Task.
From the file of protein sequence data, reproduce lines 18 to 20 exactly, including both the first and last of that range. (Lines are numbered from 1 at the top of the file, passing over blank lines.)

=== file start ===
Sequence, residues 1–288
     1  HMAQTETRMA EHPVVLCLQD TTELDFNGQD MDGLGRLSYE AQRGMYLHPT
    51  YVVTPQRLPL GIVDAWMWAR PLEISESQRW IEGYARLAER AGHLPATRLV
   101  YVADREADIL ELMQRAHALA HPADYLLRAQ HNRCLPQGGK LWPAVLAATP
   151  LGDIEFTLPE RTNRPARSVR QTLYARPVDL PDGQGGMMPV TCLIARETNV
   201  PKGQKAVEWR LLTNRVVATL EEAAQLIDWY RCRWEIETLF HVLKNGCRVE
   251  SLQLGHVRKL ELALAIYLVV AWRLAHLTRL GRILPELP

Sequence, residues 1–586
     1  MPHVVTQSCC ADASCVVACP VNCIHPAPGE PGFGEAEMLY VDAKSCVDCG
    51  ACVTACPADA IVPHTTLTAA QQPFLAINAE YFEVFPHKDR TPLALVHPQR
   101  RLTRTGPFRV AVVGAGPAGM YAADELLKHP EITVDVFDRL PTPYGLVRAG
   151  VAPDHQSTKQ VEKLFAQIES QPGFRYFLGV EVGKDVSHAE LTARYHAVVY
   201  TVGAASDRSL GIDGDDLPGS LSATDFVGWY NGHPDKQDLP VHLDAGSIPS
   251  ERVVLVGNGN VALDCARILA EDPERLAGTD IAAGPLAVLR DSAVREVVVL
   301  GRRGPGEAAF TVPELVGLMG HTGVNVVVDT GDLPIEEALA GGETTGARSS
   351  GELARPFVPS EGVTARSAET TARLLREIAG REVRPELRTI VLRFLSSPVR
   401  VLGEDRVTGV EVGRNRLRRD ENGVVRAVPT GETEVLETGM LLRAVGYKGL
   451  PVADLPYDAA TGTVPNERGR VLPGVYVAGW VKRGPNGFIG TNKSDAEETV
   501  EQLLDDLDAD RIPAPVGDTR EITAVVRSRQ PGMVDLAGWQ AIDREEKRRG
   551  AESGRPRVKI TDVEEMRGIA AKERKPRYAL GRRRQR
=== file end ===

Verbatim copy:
   451  PVADLPYDAA TGTVPNERGR VLPGVYVAGW VKRGPNGFIG TNKSDAEETV
   501  EQLLDDLDAD RIPAPVGDTR EITAVVRSRQ PGMVDLAGWQ AIDREEKRRG
   551  AESGRPRVKI TDVEEMRGIA AKERKPRYAL GRRRQR